Revival of Interest in South African Township Food – Kasi Cuisine
For SAA Sawubona February 2014
With the emergence of a greater street food presence in South African towns and cities, a spotlight has been shone on the original foods of the townships, ‘kasi’ or ‘loxion’ food. Tourists, local and foreign are flocking back to the source, as the delicacies and home comforts of Madiba’s youth are finding a place of their own in the mainstream.
Sheila Tempi (62) is sipping on a glass of amarhewu, her morning pick-me-up. “This will take me to lunch time,” she explains of the fermented maize meal drink. Tempi, along with her jazz musician husband Blackie (60), host traditional Xhosa and ‘Madiba’s favourities’ meals at their tidy home in Langa, Cape Town.
Xoliswa Ndoyiya, Madiba’s personal chef has released a cookery book Ukutya Kwasekhaya: Tastes from Nelson Mandela’s Kitchen, which has sparked a renewed interest in his beloved foods, as well as the staples of the Xhosa peoples. Perhaps it is tragic that the interest from tourists also came at the time that Mandela was gravely ill. Nonetheless, cooks like Tempi are putting their history on the plate when they open up their homes to curious visitors. Interest in South African township food, kasi cuisine, is on the rise.
“People want to know about his life as a young man,” says Blackie Tempie, whose parents and grandparents share a common background to Mandela, having lived in a nearby village in the Eastern Cape. “We all had a similar experience in our childhood, tending to livestock from the age of six, fetching water for the house from the age of seven and working in the vegetable garden after school,” he shares.
The Madiba lunch at the Tempi’s starts with glasses of chilled home-brewed ginger beer and ninkobe, dried maize that is boiled and fried like popcorn, a Madiba favourite. A glass of amarhewu is offered before the meal, and the local staple umngqusho, samp and beans, is served with umleqwa or ‘running chicken’, which is a slow-cooked free-range chicken stew. Umfino, or spinach, mixed with maize and cabbage, another Mandela special, accompanies it.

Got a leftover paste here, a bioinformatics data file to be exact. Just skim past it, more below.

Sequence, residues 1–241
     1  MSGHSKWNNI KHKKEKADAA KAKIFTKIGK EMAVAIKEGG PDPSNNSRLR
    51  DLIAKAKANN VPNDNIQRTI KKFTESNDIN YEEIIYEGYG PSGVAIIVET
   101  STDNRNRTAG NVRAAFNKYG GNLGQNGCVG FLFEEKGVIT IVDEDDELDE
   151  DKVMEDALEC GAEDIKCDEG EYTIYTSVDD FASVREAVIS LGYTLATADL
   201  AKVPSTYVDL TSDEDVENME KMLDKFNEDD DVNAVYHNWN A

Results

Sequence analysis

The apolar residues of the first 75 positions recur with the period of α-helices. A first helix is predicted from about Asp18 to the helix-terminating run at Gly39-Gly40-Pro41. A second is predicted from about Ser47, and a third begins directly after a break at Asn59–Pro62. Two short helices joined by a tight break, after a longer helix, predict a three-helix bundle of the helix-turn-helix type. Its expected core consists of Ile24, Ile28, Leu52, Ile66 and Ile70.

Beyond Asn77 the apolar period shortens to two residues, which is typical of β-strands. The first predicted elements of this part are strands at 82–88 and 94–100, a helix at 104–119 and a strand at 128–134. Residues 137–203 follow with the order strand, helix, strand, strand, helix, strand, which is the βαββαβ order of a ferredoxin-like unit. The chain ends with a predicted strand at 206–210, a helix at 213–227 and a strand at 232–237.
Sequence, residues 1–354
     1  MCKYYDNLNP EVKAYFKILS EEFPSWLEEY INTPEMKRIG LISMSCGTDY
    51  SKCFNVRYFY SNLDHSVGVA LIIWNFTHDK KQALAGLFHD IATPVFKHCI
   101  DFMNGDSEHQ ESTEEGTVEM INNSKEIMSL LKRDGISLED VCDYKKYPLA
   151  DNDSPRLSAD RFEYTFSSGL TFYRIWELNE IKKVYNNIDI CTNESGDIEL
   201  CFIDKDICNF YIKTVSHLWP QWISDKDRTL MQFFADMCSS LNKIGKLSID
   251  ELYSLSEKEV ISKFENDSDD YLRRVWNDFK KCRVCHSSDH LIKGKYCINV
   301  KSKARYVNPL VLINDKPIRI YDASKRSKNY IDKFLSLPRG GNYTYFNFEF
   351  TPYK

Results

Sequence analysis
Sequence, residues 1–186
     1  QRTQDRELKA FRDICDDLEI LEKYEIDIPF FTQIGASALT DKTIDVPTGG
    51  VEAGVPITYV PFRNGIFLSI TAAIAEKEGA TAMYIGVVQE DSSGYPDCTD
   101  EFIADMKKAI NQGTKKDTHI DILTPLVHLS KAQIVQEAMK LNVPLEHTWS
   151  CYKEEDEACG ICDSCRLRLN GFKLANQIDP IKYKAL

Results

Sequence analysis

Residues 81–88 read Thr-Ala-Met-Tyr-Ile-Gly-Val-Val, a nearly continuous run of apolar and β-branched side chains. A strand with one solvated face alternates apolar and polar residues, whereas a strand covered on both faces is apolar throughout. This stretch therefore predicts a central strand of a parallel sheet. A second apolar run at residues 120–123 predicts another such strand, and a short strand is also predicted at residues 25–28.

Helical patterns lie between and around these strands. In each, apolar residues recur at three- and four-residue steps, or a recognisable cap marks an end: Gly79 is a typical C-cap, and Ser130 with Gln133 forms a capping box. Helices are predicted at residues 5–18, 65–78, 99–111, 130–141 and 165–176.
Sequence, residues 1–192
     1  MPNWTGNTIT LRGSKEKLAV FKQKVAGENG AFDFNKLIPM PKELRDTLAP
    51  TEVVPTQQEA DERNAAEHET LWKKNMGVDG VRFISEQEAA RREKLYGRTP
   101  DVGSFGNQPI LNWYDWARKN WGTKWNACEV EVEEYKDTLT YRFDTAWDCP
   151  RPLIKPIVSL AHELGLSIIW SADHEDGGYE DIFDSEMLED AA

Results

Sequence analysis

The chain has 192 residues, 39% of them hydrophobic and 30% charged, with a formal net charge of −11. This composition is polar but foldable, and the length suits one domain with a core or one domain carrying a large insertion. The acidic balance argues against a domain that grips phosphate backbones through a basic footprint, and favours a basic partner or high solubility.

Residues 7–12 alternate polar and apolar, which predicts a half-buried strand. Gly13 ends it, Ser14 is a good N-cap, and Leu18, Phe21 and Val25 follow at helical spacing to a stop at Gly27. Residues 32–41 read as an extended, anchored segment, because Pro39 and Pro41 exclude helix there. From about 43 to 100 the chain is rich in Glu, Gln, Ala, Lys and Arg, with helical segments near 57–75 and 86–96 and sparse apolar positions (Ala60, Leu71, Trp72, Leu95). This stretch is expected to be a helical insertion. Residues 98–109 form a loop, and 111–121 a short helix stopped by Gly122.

“You know, Madiba loved sweet things after prison. He was catching up for all that time,” says Tempie as she recites her recipe for the trifle she serves.
When asked why the lunch is popular, Blackie explains, ”People come because Sheila cooks and I entertain them. We have had guests who don’t want to leave. But, there needs to be a drive to expose older people to come in to our townships and to feel safe.”
Michael Letlala, operations manager at Coffee Beans Routes, a story-telling tour agency in Cape Town, adds, “Lunches and dinners like this one encourage integration. We need to create more platforms where we can meet one another as humans and share our positive memories.”
Bright Lights, Kasi Cooking
Katlego Mlambo (25) is a chef de partie at Rust en Vrede, a fine dining restaurant in Stellenbosch. Mlambo is also the star of a new television show Kasi-licious, that showcases township food, with the aim of educating both a young and older audience, and demystifying certain foods.